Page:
A common question parents have for their pediatrician’s and therapists regards toe walking in children. While toddlers look extra cute prancing around on their tippy toes like the next prima ballerina, many parents are concerned when their child walks on their tip toes. Toe walking is common and often is nothing to be worried about. However, how does a parent know whether to be concerned about toe walking?
Toe walking is extremely common in early walkers. For most children, there is no reason why they prefer to walk on their toes. The majority of toe walkers will resolve on their own without intervention. Most toe-walkers begin to normalize their gait pattern after two years old. If a child continues to toe walk after two, intervention may be considered.
What Causes Toe Walking?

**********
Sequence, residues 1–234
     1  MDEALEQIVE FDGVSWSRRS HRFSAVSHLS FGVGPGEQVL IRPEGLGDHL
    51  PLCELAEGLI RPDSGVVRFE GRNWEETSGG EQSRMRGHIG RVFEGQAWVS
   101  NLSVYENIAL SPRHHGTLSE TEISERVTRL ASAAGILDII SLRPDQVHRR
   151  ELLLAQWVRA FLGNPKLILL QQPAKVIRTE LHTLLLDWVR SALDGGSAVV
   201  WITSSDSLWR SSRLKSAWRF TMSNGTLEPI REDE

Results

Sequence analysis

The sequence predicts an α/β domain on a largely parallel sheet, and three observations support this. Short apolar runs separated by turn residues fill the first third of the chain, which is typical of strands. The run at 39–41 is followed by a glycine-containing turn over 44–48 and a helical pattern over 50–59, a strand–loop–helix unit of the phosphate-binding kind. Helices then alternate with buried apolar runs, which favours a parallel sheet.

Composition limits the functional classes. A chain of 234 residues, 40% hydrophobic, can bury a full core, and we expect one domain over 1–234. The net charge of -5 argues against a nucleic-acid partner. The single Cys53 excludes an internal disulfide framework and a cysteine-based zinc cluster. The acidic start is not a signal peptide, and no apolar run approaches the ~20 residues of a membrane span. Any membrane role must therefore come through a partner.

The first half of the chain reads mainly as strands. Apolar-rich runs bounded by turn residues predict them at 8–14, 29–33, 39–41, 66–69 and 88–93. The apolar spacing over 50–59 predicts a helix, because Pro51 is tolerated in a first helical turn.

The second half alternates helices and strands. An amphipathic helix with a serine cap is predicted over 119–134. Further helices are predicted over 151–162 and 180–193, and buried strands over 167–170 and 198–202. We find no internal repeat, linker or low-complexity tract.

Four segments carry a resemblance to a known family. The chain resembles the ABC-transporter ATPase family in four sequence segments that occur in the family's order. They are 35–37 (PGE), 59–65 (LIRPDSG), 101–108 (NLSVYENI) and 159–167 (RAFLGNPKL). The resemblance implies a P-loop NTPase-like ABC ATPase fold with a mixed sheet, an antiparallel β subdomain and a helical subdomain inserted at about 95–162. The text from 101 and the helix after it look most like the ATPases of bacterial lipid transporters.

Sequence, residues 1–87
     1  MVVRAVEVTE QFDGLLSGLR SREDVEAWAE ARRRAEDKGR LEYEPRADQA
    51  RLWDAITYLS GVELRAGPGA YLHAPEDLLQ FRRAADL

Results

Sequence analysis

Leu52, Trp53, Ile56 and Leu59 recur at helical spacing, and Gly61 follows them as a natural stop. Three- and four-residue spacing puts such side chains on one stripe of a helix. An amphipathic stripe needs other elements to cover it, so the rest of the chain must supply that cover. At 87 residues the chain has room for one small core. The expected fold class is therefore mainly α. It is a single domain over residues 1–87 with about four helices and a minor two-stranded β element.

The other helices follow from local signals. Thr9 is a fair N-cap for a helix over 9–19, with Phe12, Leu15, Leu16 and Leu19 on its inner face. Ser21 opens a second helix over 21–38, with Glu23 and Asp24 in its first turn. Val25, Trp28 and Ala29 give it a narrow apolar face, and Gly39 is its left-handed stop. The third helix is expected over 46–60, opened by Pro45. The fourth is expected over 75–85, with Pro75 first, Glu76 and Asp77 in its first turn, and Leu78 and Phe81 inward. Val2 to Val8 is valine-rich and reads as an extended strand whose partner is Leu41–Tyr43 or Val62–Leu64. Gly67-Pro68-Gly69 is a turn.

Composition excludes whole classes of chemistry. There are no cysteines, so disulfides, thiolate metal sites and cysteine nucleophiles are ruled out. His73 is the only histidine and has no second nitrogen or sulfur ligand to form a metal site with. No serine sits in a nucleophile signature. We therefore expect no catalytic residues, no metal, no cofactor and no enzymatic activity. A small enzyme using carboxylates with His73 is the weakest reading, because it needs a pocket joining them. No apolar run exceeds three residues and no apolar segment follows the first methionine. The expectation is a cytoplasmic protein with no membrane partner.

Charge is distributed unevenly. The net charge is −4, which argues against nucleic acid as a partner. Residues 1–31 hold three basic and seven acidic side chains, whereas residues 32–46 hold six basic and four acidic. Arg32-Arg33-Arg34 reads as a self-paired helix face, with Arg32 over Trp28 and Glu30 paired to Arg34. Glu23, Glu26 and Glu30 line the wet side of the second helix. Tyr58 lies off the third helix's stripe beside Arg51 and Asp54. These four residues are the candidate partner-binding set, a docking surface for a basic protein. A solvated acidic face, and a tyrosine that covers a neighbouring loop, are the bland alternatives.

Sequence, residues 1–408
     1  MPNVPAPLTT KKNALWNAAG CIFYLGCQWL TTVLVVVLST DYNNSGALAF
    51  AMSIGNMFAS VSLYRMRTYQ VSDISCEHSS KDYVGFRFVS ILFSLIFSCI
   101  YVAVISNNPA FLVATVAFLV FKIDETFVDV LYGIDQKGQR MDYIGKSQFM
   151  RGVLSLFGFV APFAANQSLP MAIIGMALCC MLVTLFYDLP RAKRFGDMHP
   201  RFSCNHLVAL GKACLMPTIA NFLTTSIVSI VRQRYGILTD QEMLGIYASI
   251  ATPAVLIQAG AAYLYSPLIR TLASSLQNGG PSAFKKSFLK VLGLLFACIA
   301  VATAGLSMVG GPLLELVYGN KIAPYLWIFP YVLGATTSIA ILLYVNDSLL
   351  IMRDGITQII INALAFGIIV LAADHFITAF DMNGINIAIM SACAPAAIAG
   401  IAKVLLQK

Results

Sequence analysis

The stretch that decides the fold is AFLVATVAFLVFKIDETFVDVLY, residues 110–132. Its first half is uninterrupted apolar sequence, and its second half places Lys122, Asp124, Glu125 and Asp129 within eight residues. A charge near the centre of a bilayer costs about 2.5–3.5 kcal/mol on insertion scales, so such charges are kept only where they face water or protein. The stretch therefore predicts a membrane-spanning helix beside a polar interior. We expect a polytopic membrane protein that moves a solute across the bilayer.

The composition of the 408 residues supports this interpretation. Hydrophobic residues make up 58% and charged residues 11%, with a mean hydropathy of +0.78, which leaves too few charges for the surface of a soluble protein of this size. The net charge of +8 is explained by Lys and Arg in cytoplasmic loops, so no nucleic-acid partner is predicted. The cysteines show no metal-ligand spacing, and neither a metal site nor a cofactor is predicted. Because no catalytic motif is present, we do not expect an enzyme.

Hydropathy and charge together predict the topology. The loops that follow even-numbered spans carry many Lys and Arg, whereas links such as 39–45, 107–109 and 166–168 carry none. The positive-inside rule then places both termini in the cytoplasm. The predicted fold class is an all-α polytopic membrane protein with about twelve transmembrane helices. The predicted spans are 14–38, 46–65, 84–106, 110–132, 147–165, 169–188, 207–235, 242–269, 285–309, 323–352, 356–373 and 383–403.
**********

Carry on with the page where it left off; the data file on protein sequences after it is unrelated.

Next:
Toe walking is most often strictly out of preference and habit. If a child is toe walking and all other causes are ruled out, physical therapists will need to work with the child to create a new habit of walking in a normal gait pattern. Occasionally, there can be potential underlying causes for toe walking. Neurological diseases such as cerebral palsy and muscular dystrophy can cause children to toe walk as they do not have the active flexion of the ankle. Children with autism are often toe walkers due to the same disruption in the vestibular system that causes them to seek sensory input from swinging or rocking.